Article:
NORTH AURORA – Mother's Day was thrilling for Cassandra Forpanek because she had all three of her children with her – especially her youngest, who finished chemotherapy last month.
"I have three healthy children, and I don't take their health for granted anymore," Forpanek, of North Aurora, said. "I know there are moms out there who have lost their children to cancer. And that just makes me that much more thankful."
Carinne Forpanek, now 7, was diagnosed in 2012 at age 4 and went through more than two years of chemotherapy. She has been in remission since February 2012, but her treatment continued until recently. Hannah Brazendale, another North Aurora girl, was diagnosed with the same type of leukemia at age 2 and completed her treatment in 2010.
Both girls' mothers are members of the North Aurora Mothers Club, which will honor the girls at its sixth annual Blood Drive 9 a.m. to 3 p.m. May 24 at Schneider Elementary School, 304 Banbury Road, North Aurora.
Donors can schedule appointments by calling LifeSource at 877-543-3768 or online at www.lifesource.org. Walk-ins are also welcome, but appointments are preferred.
Hannah's family since has relocated to Australia, Forpanek said.
The blood drive ties in with Chicagoland blood supplier LifeSource's campaign, which began on Mother's Day. It honors mothers and caregivers of children by encouraging those who are blood type O-negative to donate blood to help the area's infants, newborns and premature babies.
O-negative blood is known as the “universal” blood type because it can be transfused to any patient in need. O-negative blood donations were critical for Carinne and Hannah, who both benefitted from receiving blood transfusions, plasma and platelets during their leukemia treatments, Carinne's mother said.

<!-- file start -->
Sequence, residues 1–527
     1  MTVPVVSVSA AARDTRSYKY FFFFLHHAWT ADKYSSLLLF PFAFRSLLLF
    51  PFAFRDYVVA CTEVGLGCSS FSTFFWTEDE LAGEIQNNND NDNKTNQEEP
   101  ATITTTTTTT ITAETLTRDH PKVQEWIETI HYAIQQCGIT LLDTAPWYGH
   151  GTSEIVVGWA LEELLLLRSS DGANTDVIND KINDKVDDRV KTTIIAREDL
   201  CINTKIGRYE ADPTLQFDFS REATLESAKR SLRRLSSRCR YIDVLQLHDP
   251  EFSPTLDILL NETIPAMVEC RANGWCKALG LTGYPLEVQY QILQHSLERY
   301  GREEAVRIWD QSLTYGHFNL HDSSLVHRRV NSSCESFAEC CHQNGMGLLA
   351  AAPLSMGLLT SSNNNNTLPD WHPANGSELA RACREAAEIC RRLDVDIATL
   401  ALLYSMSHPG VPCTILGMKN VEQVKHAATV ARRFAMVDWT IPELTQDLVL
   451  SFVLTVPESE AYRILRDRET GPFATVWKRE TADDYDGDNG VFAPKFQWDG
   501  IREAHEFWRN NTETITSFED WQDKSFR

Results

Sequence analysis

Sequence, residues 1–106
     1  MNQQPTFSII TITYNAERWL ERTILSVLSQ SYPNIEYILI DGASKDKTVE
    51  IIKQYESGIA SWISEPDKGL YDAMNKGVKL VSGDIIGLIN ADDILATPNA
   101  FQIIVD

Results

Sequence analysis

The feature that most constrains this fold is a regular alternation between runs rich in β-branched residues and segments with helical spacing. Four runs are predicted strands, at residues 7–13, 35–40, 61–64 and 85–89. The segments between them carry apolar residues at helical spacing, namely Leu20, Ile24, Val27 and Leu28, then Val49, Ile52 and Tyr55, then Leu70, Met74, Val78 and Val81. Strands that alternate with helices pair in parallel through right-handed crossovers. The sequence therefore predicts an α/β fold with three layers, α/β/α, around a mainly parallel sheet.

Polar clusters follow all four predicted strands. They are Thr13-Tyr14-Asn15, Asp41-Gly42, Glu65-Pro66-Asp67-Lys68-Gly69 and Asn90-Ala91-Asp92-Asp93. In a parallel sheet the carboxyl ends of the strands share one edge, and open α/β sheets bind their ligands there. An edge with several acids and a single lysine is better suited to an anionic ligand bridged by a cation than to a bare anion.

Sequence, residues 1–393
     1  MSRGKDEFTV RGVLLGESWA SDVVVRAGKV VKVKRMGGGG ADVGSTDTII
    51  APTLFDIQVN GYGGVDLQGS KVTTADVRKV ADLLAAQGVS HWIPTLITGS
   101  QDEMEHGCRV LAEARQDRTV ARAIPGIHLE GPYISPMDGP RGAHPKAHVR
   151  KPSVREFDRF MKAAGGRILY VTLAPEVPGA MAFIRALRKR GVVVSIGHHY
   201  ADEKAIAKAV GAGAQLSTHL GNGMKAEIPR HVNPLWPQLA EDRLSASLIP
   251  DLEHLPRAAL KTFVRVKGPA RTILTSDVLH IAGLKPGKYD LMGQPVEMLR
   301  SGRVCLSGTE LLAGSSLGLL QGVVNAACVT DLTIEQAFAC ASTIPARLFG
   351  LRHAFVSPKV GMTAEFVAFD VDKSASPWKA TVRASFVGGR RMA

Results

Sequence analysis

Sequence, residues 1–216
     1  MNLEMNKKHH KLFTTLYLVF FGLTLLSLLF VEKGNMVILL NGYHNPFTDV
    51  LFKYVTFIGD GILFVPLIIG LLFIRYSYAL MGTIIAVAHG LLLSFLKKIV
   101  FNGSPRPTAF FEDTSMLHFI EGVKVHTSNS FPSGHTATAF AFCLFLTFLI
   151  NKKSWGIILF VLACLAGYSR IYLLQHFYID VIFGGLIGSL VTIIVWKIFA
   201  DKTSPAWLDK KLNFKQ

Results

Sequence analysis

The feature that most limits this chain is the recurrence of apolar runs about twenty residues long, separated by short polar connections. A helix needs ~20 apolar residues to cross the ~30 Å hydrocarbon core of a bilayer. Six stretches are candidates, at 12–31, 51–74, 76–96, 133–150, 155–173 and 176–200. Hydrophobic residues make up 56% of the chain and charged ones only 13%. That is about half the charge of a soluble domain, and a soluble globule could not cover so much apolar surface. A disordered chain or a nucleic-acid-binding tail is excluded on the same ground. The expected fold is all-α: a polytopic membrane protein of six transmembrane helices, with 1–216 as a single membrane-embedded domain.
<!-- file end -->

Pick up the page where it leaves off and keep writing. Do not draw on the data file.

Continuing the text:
"Obviously, without blood donations, children like my daughter would not be able to survive their treatments," Forpanek said. "They need these lifesaving blood products. Carinne’s blood, plasma and platelet levels were so low after her treatments. Having enough of this (O-negative) blood readily available was essential for her recovery.”
LifeSource spokesman Andrew McElroy praised the mothers club for stepping up to sponsor a blood drive, particularly for O-negative.
"We are encouraging everyone – whether they are O-negative or not – to donate blood because the supply of blood for all types is needed," McElroy said. "O-negative is the universal type. We tie it in with Mother's Day with a campaign: honor the strength, hope and courage of mothers and caregivers of children by giving three times a year."
McElroy said most donors give once a year, but if they increase that to two or three times in a year, the Chicago area blood supply will be in better shape.
"O-negative is needed," McElroy said. "It can be used for an unplanned trauma or to treat diseases like leukemia. The percentage of the population that is O-negative is small, 7 percent, which is why the need is great."
McElroy praised the North Aurora Mothers Club for hosting a blood drive – but he encouraged any group or company to call LifeSource and do the same.
"They are just standing up and being accountable and giving back to their community," McElroy said. "It's a very cool thing they are doing. We tie it in with the tag of the strength, hope and courage of your mother."
Forpanek said she had not been a regular blood donor for years because of an aversion to needles. But that has changed now.
"I’m really counting my blessings this Mother’s Day, and particularly for the LifeSource donors who regularly give blood,” Forpanek said. “Without their generosity, Carinne wouldn’t be here today. At the time she was diagnosed, I had not donated blood in years. ... But in light of all the times she and thousands of kids in treatment have been poked, the least I can do is put my big-girl pants on and give blood."